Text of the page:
Home Decor

O’Neill McVoy creates “mini-manifesto against McMansions” in Houston

New York-based studio O’Neill McVoy Architects has created a grey stucco house with a Z-shaped plan and an upward-pitched roof in Houston.

The 3,175-square-foot (300 square metres) home was completed in 2020 to replace a 1950s residence that was destroyed by Hurricane Harvey in 2017, a Category 4 storm that caused extensive damage and loss of life in the region.

Glazed corner of a house in Houston with a lifted roof
The house has an upward-pitched roof

The Z-shaped footprint makes the most of the 8,000-square foot (740-square metre) trapezoidal lot, creating a “park-like front yard, and a private garden at the rear, maximizing daylight and natural ventilation to all spaces of the house,” according to O’Neill McVoy.

Designed as a “mini-manifesto against adjacent McMansions,” the house works to respect the scale and affordability of the original middle-class neighbourhood, while accommodating a non-traditional co-living arrangement.

Z-shaped white stucco house in Houston by O'Neill McVoy Architects
The exterior is finished in stucco

The unadorned exterior is composed of three parts: a dove grey brick base – which wraps the structural piles and porous gravel that raise the house five feet above grade for flood resilience – smooth, light grey stucco and a charcoal standing-seam metal roof. Large windows with aluminium frames punctuate the facade.

“We saw the neighborhood’s 6/12 roof pitch requirement not as a restriction, but as an opportunity to play with steep roofs in new ways to shape space and volume,” the team said.

White stucco house by O'Neill McVoy Architects
The architects aimed to create a park-like front yard

The primary roof slopes down toward the street, creating a single-storey profile. It was designed to guard against the strong southern and western sun; however the corner of the roof folds up at the entry to create a welcoming effect.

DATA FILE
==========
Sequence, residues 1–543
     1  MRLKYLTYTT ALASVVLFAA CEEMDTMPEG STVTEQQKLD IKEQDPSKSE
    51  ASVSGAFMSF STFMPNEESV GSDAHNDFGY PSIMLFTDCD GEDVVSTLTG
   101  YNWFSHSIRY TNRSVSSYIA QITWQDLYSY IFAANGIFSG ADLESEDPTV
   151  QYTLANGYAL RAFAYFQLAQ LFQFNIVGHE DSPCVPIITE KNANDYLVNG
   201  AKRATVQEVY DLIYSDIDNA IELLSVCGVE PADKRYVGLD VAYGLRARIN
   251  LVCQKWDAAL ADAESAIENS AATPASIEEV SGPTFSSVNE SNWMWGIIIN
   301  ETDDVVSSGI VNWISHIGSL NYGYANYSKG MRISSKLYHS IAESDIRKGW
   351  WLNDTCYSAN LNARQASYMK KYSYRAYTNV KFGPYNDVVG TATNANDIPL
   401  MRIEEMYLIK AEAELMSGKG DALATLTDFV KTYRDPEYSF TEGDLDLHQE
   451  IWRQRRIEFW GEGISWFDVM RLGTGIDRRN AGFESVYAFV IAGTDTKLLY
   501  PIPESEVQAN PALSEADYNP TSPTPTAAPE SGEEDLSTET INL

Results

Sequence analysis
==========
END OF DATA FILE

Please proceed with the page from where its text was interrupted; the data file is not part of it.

Meanwhile, the roof slopes up to the north, bringing light and views of the sky into the living room through clerestory windows.

“The intersection of these two roofs creates a curious profile on the north elevation which in hindsight has an echo of John Hejduk’s animated forms,” the studio explained.

A protected entry garden steps up to a foyer that provides views throughout the house and a living room that is lightened by a wall of glazing.

Z-shaped white stucco house in Houston by O'Neill McVoy Architects
The home has a Z-shaped floor plan

The north arm of the “Z” serves as the social space with a 1.5-storey open living, dining and kitchen area. A central stair separates the southern arm, which holds a private study, primary suite, and service areas.

Above, two family bedrooms flank the stair hall and another suite with windows on three sides holds the back corner of the house, allowing a friend to live privately within the home.

White double-height dining room with high-level windows and pendant light over a table
Interior spaces were finished with white walls and oak flooring

The interiors are light and spacious with white walls, white oak floors and thin steel railings. The lightness is juxtaposed with the detail and texture of warm mahogany cabinets and stone counters.

The client, David Mazella, praised the home’s solidity and integrity, or “thisness.”

“By ‘thisness’ I meant that the house had a wholeness and inevitability to its shape that felt fully finished and functional, like a spoon or a water tower,” Mazella said. “Because what would you add to it?”

White double-height entrance hallway in a Houston home by O'Neill McVoy Architects
A central staircase separates the north and south sides of the home

O’Neill McVoy’s upturned roof strategy was also used in a Connecticut art studio However, the dark-stained cedar exterior gives way to an all-white interior that serves as a backdrop for the artist’s work.

Other recent projects from the studio, which was founded in 2012, include a mass-timber children’s museum placed within a 1920s powerhouse in the Bronx.

The photography is by Peter Molick, Grant Gay and O’Neill McVoy Architects.

Project credits:
Architect: O’Neill McVoy Architects (Beth O’Neill, Chris McVoy, Meghan O’Shea, Antoinette Nicholas)
Structural engineer: The Interfield Group
General contractor: Legion Custom Home Builders LLC

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